You can listen to the article.
Since the 13th century, when the first taxes were introduced, we’ve all loved paying taxes; we wake up every morning, leaping out of bed with: ‘How I love paying taxes’ as our inspirational mantra.
Each of us has total faith that governments of any principle, and none, always have spent and will spend our hard-earned taxes with the most serene wisdom imaginable.
Who could possibly accuse noble governments of wasting our money, ever? Unthinkable: how ridiculous! No, paragogic ministers save billions of our currency each year by circumventing troublesome procurement procedures and giving contracts to their highly trusted friends. Of course, when any allegations are made of ministerial wrongdoing, they would never even dream of burdening taxpayers by authorising an investigation into themselves. Given that taxpayers are already overstretched it is only reasonable to spare them the extra costs of discovering the truth.
While we love to be forced to pay taxes to help those who are helping themselves at our expense, most of us hate giving our money to help others in genuine need. Who of right mind would offer hard-earned money to actually help someone?
Juxtaposing our emotional reality, (never knowingly described as irony), may illustrate a powerful principle: we hate paying taxes, but love helping people.
Seizure and subsequent squandering of more than half our yearly earnings, is, of course, the right way to make people feel emotionally positive about paying taxes. It makes us better appreciate reaching a ‘tax-free day’, (approximately the 31st of May in the UK), after which time everything earned in that year is ours to keep. People should be grateful that full slavery was abolished in 1833; now they are only forced to work for half a year for no pay. Surely they know that semi-freedom tastes much better than no freedom.
Paying tax, as with all coercion, leaves us in an emotional deficit, but it need not; we could turn that affective loss into feel-good gain. How? It’s the name: cut our losses on the use of negatively perceived ‘tax’, and start making gains on positively viewed social contribution. We feel good about giving, we feel bad about seizures. By emphasising the social contribution made by our payments going into the collective pot, we might even get a little high.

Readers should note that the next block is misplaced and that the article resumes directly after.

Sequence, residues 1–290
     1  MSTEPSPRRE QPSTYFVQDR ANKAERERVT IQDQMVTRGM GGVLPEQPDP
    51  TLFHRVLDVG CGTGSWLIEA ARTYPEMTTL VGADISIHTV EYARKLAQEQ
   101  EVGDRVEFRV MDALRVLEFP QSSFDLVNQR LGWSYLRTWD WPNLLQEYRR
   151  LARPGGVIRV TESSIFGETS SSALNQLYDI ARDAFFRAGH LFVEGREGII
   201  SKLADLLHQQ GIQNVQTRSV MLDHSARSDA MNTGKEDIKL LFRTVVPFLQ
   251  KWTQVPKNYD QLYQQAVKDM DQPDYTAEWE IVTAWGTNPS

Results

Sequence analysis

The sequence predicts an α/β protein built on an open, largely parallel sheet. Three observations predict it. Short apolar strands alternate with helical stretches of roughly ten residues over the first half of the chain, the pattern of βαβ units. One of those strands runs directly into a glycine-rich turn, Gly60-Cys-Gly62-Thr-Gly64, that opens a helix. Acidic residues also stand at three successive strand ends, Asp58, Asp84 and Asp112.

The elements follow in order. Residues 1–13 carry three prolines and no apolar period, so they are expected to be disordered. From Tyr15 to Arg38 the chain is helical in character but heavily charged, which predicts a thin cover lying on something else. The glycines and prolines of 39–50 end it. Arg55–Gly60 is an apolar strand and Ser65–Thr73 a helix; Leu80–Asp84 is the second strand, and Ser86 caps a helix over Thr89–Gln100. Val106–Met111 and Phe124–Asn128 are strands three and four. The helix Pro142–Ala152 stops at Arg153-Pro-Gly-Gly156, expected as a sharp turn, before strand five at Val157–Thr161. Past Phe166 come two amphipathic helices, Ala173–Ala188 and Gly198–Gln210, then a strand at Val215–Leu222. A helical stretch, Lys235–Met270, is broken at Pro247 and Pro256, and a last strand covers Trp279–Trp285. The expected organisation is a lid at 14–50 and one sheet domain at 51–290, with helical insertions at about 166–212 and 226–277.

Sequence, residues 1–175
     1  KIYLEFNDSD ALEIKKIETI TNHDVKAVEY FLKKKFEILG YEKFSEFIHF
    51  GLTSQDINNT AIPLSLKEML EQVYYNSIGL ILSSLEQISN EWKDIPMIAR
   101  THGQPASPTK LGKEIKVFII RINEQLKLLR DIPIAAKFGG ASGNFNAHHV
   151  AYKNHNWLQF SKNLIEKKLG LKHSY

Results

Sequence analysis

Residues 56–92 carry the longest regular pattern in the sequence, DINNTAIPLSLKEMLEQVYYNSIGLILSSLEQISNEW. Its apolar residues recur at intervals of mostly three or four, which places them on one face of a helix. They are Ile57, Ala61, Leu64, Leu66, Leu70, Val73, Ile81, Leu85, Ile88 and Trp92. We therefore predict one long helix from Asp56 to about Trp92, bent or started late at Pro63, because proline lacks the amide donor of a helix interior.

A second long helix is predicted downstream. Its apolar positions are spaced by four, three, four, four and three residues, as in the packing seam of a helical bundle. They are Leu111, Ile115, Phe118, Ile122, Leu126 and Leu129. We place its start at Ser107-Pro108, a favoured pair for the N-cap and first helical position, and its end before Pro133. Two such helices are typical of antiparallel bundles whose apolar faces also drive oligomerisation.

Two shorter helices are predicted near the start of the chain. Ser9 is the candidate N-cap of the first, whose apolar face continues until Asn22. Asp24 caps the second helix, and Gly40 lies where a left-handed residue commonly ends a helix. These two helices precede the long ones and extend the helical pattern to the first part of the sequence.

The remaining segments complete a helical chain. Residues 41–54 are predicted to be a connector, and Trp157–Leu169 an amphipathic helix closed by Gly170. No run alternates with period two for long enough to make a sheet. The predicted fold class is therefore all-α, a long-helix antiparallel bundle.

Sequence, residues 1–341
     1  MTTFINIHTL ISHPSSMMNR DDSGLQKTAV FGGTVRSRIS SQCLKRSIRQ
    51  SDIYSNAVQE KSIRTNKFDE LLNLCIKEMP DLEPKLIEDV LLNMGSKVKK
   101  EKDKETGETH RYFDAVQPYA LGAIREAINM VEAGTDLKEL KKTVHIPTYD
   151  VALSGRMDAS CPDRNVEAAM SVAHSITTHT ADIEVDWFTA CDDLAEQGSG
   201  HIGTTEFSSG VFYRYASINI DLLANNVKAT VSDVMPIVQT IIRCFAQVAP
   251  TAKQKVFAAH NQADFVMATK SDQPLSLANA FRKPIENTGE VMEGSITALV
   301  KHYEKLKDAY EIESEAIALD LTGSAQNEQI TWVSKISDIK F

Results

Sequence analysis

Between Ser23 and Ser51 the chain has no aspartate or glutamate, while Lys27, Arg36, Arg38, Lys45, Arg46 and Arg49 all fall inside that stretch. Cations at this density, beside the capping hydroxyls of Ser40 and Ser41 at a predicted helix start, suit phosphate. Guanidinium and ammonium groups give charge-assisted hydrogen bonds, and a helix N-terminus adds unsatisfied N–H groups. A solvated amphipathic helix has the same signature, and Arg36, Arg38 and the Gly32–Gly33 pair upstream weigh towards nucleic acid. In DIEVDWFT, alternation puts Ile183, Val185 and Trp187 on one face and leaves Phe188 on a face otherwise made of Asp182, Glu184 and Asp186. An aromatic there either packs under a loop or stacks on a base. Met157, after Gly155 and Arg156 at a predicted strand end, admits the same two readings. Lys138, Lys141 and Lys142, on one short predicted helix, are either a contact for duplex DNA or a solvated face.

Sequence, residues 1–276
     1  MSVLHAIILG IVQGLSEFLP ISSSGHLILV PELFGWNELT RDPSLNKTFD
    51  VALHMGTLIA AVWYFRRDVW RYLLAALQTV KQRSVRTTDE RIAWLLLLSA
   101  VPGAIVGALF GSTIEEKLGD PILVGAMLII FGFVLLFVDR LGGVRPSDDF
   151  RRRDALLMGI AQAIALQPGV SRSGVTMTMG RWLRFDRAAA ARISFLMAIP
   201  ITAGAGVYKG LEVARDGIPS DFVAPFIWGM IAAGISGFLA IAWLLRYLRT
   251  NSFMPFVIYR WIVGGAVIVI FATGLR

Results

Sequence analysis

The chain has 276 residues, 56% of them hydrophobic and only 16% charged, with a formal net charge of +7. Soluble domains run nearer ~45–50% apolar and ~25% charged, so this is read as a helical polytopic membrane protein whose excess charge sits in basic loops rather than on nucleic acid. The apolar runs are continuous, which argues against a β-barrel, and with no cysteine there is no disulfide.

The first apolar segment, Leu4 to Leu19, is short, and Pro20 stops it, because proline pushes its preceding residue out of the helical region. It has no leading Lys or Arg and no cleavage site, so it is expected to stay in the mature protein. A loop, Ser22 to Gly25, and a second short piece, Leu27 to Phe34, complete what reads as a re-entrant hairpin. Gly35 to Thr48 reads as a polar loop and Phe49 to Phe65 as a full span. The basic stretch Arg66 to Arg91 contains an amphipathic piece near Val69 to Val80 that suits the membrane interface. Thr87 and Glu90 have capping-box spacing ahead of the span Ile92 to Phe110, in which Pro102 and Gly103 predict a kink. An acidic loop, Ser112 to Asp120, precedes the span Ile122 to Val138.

Tax is a taxing word. Social contribution does what is said on the tin and gives us a sense of well–making a social contribution.
‘Oh, you’re just playing with words,’ yelps Mr I-Have-No-Knowledge-of-Human-Nature, with unintended irony from behind his pompous septi-barrelled name. Of course, we are playing with words; that is, believe it or not, how we communicate.
Words shape our world, and we use them to shape how others see their world. To wit: while I’m persistent, you are stubborn; I’m a self-made woman (only on Friday nights at Trannie D’s), you are a LIBOR-fixing, PPI mis-selling, sub-prime mortgage conning, country bankrupting bankster; I used to be a demi-slave paying taxes; now I make a worthwhile social contribution.
Of course, this concept of naming an act to help people see what it is intended to achieve is entirely new and radical. At no point in history has it ever been thought of, let alone used successfully. No, David Lloyd George, in 1908, when he proposed ‘National Insurance’ was (?) completely clueless about the notion. Really, why would anyone ever want to name something so that people would know what it was used for? The idea of making people feel good, about the common good, will never catch on!
Taxes need not be taxing. Indeed, making it more of pleasure can be as simple as the addition of one plus one. Bill Clinton’s campaign slogan: ‘It’s the economy stupid,’ plus, Lee Atwater’s observation, ‘Reality is perception,’ equals, people, feeling good about making social contributions: it’s in the name.
If there is an uncommon outbreak of common sense we might decide to remove that taxing word tax from our soundscape! Alas, in all probability, the wax in the ears of those who tax us for years, is too thick.
Professor Nigel MacLennan runs the performance coaching practice PsyPerform.